If Apple’s smart, I think they’ll seek to foster robust interoperability amongst a panoply of payment platforms in keeping with their “personal computing” roots rather than using their hardware as a cudgel upon software and financial services, because otherwise I see them on a collision course with regulation on the one hand, of which this instance in Germany is surely just the beginning, and costly, brittle uncompetitiveness relative to open-source and free-software alternatives on the other.

Australian banks tried to force Apple to open up NFC a few years ago and failed.

I don’t think Apple will ever give unfettered access to the NFC on iPhones, but maybe they will open up parts of I it using some controlled APIs akin to the Fido and adding of transit cards into the wallet.

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The Germans aren’t really known for their willingness for companies to bend/break rules. If push comes to shove, would Apple give up the German market rather than capitulate to an order from the German government? More likely they would make some unreliable broken thing that technically meets the letter of the law, and only allow it to be used in Germany, while blaming any failures on the German banks, and blocking their apps from the store for various and sundry reasons.

I think you’re right about this

A good question. I doubt they’d pull out, but I do expect that they will waste time and money on lawyers trying to fight it.

Germany is a very different market to the USA, the UK and many others. Credit is still seen by many as bad, the younger generation are more open to taking on debt, but older generations learned to do without and saved up until they had the money to buy something. I grew up in the UK, but my parents were the same way, they never bought anything on credit.

Apart from cars/bikes to get to work, I’ve never bought anything on credit - well, I did save up for a new TV in the 90s and when I went to buy it, it was 0% interest, so I left the money for the TV in the bank account gaining interest and paid off the 0% credit over 18 months.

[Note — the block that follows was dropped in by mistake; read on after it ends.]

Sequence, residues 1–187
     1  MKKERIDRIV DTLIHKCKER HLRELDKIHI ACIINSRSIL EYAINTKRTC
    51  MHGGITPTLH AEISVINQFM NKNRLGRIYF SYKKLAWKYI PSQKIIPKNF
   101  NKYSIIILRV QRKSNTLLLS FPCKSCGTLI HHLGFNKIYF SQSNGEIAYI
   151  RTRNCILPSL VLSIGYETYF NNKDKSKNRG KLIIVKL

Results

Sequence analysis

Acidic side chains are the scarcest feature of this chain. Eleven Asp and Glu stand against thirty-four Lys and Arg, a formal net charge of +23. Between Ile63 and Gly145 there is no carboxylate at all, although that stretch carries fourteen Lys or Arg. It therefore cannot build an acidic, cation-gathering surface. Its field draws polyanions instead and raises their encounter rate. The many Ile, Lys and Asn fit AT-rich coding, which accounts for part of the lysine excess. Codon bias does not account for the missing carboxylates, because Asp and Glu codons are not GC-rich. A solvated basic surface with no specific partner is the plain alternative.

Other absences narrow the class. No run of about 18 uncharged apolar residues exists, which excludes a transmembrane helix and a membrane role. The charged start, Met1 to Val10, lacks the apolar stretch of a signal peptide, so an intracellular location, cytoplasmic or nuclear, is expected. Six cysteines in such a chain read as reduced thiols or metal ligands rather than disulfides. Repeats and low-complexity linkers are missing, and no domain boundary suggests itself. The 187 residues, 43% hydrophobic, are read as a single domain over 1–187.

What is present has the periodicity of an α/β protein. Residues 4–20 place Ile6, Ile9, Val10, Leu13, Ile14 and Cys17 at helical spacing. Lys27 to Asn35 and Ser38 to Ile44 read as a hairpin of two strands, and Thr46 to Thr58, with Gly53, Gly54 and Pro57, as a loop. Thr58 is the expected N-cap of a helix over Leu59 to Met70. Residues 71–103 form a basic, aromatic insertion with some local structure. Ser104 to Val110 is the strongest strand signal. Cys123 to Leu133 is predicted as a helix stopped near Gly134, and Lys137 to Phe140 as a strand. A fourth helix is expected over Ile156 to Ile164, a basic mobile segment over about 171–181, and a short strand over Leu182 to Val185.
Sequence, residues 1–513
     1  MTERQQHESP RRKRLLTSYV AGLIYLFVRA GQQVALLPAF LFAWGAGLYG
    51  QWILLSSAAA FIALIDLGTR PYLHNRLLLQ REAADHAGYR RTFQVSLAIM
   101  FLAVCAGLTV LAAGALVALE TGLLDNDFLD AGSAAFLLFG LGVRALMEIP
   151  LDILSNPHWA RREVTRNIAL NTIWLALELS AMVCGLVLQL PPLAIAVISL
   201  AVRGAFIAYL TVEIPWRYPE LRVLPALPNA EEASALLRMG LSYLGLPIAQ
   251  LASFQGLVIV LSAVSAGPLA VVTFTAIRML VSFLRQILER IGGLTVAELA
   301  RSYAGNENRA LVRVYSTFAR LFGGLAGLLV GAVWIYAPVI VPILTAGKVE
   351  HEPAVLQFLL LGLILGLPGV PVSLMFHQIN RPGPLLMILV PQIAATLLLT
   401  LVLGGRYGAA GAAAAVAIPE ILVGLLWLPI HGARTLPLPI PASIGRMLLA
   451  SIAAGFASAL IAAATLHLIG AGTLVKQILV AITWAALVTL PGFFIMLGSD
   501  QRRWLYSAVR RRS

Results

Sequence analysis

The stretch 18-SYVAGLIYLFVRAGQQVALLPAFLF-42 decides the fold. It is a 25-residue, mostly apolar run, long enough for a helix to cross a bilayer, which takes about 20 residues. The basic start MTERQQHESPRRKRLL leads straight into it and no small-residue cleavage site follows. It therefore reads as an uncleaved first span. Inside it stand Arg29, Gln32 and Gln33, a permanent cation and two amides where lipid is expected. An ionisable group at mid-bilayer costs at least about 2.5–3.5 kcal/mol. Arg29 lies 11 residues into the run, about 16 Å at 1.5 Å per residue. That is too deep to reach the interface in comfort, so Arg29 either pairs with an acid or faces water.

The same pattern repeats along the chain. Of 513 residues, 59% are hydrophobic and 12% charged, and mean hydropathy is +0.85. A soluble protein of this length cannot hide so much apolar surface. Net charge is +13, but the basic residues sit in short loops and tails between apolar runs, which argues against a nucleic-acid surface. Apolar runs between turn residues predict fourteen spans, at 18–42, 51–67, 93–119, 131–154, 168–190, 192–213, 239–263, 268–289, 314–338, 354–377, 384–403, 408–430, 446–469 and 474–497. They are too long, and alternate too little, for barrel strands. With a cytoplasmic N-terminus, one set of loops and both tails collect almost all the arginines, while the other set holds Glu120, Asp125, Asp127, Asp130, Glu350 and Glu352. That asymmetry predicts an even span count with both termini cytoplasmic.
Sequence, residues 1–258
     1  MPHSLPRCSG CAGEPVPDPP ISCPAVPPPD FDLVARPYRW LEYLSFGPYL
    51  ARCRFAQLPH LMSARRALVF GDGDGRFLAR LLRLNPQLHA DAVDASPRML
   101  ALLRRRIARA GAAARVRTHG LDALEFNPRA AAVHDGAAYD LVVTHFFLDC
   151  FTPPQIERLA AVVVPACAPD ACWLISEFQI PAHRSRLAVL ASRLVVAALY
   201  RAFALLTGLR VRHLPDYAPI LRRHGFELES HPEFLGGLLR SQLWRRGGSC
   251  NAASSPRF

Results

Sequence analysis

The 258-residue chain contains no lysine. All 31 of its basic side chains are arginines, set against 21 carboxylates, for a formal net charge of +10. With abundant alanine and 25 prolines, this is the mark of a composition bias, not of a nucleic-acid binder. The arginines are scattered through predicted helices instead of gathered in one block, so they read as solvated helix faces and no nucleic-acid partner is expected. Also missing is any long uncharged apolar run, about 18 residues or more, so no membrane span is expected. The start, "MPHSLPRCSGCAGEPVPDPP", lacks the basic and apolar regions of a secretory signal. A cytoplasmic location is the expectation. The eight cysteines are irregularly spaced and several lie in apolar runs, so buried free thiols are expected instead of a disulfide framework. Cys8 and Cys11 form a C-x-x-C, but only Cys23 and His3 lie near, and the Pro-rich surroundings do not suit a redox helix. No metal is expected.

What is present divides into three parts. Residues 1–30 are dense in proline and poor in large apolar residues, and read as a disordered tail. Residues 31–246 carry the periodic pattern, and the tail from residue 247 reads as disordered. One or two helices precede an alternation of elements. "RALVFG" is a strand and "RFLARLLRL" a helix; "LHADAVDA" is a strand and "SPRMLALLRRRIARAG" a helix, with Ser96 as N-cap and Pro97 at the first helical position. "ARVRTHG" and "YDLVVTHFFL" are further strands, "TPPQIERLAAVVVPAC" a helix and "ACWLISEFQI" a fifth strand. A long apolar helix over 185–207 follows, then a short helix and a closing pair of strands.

A lot of people in Germany still don’t have credit cards and businesses accepting credit cards (or even debit cards) isn’t universal. My wife bought a new neon bulb for the kitchen last week and didn’t have any cash, the business didn’t accept cards, so they are sending us an invoice for 10€!

Most supermarkets don’t accept credit cards or only started accepting them within the last couple of years. NFC debit cards have been around for a while now and wireless payment through mobile apps from the banks popped up a couple of years later. Google’s service came a couple of years ago, but I don’t know anyone who uses it, they all use their bank’s app, so Google doesn’t get any information on the payment transactions. The same is true for ApplePay, it only supports very few banks and none of the major banks, so Apple users still tend to pay with their NFC debit cards and moan that they can’t use their phones like Android users do, to make payments.

The mobile payments standards are the same as those used by Apple and Google, with the chip on the NFC card or the banking app on the phone making a one-time authorization token for the transaction.

The second thing is that Germany is much more privacy concious than many other countries, having lived through National Socialism and the Staatssicherheit (Stasi) in the last century and many older people see the likes of Google, Facebook & Co. as the Stasi on steroids. Luckily for Google & Co. many people, especially younger people, aren’t aware of the way these big companies are constantly spying on them. They don’t understand enough about how the web works and they don’t care how it works, so there is some acceptance of Google and Amazon assistants, for example.

Facebook is shunned by many and WhatsApp is prohibited is you use your phone for work purposes (it breaks GDPR rules), so Facebook’s payment service isn’t likely to make much headway here either.

The last thing they want is to share their purchasing data with yet another entity, whether that is Google or Apple. In fact cash is still very much loved. Card payments only approached 50% of all transactions for the first time in 2018 (payment apps on smartphones are considered a sub-category of card payments), cash and invoice payments still exceeded all other payment methods.

This makes it a very hard market for the Silicon Valley giants to break into. They are not trusted, they ignore local laws and they store their data in the USA. German Financial Regulation forbid the sale of transaction information, for example. Therefore most Germans are relatively happy to use a debit card (a majority still don’t have a credit card), because they know that the bank can’t do anything with it, they can’t sell the data and they can’t use it to upsell other services.


If I’m just looking at the headline, it sounds like once implemented, this means I’ll be able to reverse engineer any NFC system and use it for my own advantage even by cloning bank cards and terminals.